I saw this post on Moz which presented a segmented marketing funnel:

This kind of thing would have quite a bit of value in my job. What I have no idea is how to visualize raw data to show a segmented funnel like this one. The idea is that sales leads come from different sources (which we use to segment the data by) and go through several stages by the time they convert to a deal. From each stage to another some drop off. The width of each slice is determined by the absolute number of leads in each. [

EDIT: Notice the image used here for reference is misleading when it comes to the numbers specified on the right of each slice. There appears to be no relationship between the width of the slice and the number. The image should only be taken as a reference to the design of the segmented funnel].Anyway, any idea how to visualize it? If possible, I’d love to have a way to do so in Python.

Here’s a Google Doc with some dummy data if anybody needs some…

Looking forward to your insights.

Thanks!

**Answer**

This plot displays a two-way *contingency table* whose data are approximately these:

```
Branded Unbranded Social Referring Direct RSS
First-time... 177276 472737 88638 265915 472737 59092
Return Visits... 236002 629339 118001 354003 629339 78667
4+ Visits in ... 166514 444037 83257 249771 444037 55505
10+ Visit in ... 28782 76751 14391 43172 76751 9594
At Least One Visit... 6707 17886 3354 10061 17886 2236
Last Touch... 660 1759 330 989 1759 220
```

**There are myriad ways to construct this plot.** For instance, you could calculate the positions of each rectangular patch of color and separately plat each patch. In general, though, *it helps to find a succinct description of how a plot represents data.*

As a point of departure, we may view this one as a variation of a *stacked bar chart.*

This plot scarcely needs a description: through familiarity we know that each row of rectangles corresponds to each row of the contingency table; that lengths of the rectangles are directly proportional to their counts; that they do not overlap; and that the colors correspond to the columns of the table.

If we convert this table into a “data frame” or “data table” X having one row per count with fields indicating the row name, column name, and count, then plotting it typically amounts to calling a suitable function and stipulating where to find the row names, the column names, and the counts. Using a *Grammar of Graphics* implementation (the `ggplot2`

package for `R`

) this would look something like

```
ggplot(X, aes(Outcome, Count, fill=Referral)) + geom_col()
```

The details of the graphic, such as how wide a row of bars is and what colors to use, typically need to be stipulated explicitly. How that is done depends on the plotting environment (and so is of relatively little interest: you just have to look it up).

This particular implementation of the Grammar of Graphics provides little flexibility in positioning the bars. **One way to produce the desired look, with minimal effort, is to insert an invisible category at the base of each bar so that the bars are centered.** A little thinking suggests the fake count needed to center each bar must be the average of the bar’s total length and that of the longest bar. For this example this would be an initial column with the values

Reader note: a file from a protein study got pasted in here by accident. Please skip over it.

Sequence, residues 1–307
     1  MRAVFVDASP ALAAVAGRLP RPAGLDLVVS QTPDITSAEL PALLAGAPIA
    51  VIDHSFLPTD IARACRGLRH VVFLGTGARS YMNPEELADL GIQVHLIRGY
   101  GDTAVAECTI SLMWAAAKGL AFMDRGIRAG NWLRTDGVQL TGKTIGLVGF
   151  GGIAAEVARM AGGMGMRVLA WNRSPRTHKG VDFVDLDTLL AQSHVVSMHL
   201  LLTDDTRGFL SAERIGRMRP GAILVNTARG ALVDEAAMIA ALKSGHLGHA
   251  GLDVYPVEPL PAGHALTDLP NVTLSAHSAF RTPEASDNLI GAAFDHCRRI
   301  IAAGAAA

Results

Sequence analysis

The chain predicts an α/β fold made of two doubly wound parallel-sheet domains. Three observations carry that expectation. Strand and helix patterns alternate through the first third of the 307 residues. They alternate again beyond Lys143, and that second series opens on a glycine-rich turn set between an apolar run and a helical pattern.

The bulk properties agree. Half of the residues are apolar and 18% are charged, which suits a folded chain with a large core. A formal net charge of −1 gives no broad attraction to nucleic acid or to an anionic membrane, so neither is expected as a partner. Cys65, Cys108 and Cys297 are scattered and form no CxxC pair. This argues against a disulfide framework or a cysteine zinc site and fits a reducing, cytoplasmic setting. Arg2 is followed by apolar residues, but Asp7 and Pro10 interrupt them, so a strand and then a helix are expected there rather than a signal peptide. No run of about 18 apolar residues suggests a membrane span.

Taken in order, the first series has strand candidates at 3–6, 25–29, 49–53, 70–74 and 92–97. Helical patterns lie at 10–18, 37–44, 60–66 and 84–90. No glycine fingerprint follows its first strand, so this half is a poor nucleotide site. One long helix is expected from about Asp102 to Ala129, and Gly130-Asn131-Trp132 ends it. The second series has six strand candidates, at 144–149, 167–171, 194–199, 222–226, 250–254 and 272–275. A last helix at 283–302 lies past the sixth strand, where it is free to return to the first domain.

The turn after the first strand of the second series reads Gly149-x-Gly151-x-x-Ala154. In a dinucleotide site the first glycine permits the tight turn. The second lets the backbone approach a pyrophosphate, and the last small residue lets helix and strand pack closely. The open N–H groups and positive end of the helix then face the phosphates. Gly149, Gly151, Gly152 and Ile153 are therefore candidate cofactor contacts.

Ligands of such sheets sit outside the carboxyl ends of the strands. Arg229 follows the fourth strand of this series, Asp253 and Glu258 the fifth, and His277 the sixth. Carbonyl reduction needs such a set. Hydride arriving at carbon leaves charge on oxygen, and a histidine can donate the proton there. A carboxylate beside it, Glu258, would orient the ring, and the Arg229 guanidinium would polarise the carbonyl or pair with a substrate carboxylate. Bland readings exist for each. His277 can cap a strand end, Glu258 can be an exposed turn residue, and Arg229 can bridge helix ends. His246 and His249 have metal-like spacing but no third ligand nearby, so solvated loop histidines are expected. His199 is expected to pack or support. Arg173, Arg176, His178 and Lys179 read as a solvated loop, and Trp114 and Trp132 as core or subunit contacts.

```
254478.0 0.0 301115.0 897955.0 993610.5 1019817.0
```

Here is the resulting stacked bar chart showing the fake data in light gray:

**The desired figure is created by making the graphics for the fake column invisible:**

The Grammar of Graphics *description* of the plot does not need to change: we have simply supplied a different contingency table to be rendered according to the same description (and overrode the default color assignment for the fake column).

### Comments

These graphics are *honest:* the horizontal extent of each colored patch is directly proportional to the underlying data, without distortion. Comparing them to the original (in the question) reveals how extreme its distortion is (Tufte’s *Lie Factor*).

If it is desired to show details at the bottom of the “funnel,” consider representing counts by *area* rather than length. You could make the lengths of the bars proportional to the *square roots* of the total lengths and their widths (in the vertical direction) also proportional to the square roots. Now the bottom of the “funnel” would be about one-twentieth the longest length, rather than one four-hundredth of it, permitting some detail to show. Unfortunately, the `ggplot2`

implementation does not allow one to map a variable to the bar width, and so a more involved work-around is needed (one which indeed describes each rectangle individually). Perhaps there is a Python implementation that is more flexible.

### References

Edward Tufte, *The Visual Display of Quantitative Information*. Cheshire Press 1984.

Leland Wilkinson, *The Grammar of Graphics.* Springer 2005.

**Attribution***Source : Link , Question Author : Optimesh , Answer Author : Community*